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ENSENADA - Awards recognize cross-border collaboration

Awards recognize cross-border collaboration
border planning recognized

ENSENADA - Bi-national success stories were highlighted this week at the Border Governors Conference in Ensenada, with the newly inaugurated Awards for U.S.-Mexico Cross-Border Cooperation and Innovation.

Of the four projects that received recognition, two were on the California-Baja California border. One involved environmental education by non-profit groups, the other planning for border crossings by state agencies.

Among the honorees were two groups that focus on training teachers and educating students in Baja California: Proyecto Bio-regional de Educacion Ambiental, PROBEA, based at the San Diego Natural History Museum, and the Proyecto Fronterizo de Educacion Ambiental, PFEA, located in Tijuana.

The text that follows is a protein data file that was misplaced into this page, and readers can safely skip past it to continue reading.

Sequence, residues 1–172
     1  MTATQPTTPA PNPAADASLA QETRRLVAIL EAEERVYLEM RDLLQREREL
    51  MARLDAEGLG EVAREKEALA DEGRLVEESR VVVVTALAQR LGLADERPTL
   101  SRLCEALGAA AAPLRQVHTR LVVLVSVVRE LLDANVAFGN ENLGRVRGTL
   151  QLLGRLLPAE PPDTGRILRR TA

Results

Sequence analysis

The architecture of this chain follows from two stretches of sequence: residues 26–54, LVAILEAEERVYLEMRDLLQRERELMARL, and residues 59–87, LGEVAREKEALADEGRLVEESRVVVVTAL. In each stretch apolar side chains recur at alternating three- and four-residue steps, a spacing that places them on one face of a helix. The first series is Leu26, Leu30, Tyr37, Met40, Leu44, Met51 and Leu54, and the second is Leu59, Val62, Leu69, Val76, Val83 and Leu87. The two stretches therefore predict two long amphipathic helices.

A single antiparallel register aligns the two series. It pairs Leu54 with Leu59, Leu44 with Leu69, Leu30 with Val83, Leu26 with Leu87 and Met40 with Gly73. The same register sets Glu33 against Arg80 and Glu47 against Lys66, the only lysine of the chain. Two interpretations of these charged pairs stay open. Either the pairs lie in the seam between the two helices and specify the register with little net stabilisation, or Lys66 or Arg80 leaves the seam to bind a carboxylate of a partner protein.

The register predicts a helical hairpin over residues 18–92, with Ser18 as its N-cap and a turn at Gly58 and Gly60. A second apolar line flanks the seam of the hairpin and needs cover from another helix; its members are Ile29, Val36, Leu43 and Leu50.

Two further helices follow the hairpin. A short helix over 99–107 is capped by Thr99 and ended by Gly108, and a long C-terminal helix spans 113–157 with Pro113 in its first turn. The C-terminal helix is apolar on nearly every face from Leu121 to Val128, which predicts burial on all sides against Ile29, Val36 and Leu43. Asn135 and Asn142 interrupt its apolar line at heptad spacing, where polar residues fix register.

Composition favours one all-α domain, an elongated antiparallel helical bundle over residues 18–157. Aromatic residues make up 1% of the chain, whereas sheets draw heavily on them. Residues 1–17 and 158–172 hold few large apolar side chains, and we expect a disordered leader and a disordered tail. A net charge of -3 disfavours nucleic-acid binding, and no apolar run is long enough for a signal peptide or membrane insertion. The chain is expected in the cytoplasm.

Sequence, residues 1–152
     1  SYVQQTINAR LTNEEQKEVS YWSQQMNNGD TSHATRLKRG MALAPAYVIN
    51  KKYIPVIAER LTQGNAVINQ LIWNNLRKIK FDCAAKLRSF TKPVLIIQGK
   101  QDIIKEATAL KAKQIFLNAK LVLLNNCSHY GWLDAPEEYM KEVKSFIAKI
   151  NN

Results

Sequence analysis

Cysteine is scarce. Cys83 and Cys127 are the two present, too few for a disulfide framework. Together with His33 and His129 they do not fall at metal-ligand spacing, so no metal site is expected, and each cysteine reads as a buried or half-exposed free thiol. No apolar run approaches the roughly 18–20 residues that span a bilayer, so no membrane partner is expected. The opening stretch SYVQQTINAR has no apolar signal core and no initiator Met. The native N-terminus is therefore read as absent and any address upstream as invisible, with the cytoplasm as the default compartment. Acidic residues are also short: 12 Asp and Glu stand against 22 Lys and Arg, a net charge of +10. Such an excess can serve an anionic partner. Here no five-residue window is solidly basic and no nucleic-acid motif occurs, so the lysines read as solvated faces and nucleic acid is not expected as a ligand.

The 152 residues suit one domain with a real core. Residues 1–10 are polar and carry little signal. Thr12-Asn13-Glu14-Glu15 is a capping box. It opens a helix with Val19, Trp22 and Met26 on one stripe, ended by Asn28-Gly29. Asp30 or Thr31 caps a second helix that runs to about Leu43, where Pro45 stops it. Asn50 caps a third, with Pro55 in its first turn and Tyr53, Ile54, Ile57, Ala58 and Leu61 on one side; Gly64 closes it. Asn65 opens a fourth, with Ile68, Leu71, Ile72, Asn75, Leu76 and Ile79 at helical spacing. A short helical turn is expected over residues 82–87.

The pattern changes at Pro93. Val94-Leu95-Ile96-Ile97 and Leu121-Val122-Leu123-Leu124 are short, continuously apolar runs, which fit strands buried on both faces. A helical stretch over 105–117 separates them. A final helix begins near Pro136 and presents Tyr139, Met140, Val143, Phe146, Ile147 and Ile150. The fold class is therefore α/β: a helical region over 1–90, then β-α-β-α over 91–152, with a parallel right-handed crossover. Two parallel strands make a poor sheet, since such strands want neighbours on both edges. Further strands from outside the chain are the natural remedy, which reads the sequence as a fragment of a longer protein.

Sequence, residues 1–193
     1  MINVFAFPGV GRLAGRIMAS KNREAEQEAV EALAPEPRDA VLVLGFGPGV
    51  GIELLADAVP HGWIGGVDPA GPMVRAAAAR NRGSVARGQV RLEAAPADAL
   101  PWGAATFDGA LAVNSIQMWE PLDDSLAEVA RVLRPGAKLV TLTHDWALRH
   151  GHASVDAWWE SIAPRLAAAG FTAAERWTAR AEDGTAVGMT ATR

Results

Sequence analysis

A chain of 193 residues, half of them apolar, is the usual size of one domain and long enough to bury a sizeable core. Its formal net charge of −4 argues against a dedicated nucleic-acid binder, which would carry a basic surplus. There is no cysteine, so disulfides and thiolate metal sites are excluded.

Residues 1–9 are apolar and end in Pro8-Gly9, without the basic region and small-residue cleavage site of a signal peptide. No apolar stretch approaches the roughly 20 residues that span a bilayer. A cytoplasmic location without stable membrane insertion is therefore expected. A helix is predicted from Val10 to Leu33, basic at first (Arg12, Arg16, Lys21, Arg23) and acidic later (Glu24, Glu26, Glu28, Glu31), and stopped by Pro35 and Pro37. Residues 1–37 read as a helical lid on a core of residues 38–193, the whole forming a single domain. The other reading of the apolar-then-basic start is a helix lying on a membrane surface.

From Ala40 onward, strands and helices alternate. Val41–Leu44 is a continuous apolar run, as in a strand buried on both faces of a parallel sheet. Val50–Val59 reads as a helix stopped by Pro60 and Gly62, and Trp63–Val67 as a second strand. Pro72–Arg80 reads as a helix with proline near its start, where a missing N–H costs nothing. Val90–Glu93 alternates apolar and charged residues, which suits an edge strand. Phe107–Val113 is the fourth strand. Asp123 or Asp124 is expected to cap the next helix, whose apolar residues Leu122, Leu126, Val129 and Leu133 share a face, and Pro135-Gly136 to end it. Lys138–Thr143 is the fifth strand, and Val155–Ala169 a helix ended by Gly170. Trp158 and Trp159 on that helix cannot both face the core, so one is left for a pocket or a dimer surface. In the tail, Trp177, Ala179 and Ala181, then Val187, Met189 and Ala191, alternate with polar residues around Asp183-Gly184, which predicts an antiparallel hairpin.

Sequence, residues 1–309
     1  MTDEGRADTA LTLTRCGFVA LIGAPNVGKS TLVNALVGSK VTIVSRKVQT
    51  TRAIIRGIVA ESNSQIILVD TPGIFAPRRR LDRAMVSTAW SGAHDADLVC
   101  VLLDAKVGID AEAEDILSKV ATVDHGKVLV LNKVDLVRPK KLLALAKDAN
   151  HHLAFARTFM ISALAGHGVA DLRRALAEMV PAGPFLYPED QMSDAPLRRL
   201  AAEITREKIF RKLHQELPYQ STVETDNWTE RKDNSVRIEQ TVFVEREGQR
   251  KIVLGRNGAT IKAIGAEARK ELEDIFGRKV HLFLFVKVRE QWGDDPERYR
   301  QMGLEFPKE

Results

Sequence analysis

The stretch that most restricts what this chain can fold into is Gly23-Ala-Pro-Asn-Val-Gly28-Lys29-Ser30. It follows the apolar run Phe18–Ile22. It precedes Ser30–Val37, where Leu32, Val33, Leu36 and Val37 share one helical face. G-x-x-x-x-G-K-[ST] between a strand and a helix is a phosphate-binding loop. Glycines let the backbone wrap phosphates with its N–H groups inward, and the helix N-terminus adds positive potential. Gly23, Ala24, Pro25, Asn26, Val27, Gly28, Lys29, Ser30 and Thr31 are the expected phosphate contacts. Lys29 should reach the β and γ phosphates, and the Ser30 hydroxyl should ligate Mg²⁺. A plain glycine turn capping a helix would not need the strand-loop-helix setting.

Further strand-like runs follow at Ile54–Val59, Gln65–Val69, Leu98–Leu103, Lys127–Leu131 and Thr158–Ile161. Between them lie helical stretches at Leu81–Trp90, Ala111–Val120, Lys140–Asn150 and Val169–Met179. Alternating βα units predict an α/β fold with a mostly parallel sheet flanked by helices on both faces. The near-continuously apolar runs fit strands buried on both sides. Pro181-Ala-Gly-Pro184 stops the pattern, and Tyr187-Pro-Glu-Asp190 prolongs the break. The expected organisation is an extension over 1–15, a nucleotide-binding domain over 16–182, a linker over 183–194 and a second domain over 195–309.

Their relationship goes back two decades, and has resulted in the training 4,000 teachers and promoters in environmental education who have in turn worked with 150,000 students. The groups' efforts have also led to 20 beach cleanup campaigns that have removed 105 tons of trash.

The organizations have maintained their autonomy, while developing close working and personal relationships. "We have always respected our differences, and used them to our advantage," said Margarita Diaz, director of PFEA.

Also honored was the development of the California-Baja California Border Master Plan by two government agencies: Baja California's Infrastructure and Urban Development Secretariat, and Caltrans District 11. Unique on the U.S.-Mexico border, the plan studies border crossings and access roads.

The awards are sponsored by the Border Research Partnership, made up of the Tijuana-based Colegio de la Frontera Norte, the Woodrow Wilson Center Mexico Institute in Washington, D.C. and the North American Center for Transborder Studies at Arizona State University.

Written by
Sandra Dibble
6:41 p.m., Sept. 30, 2011

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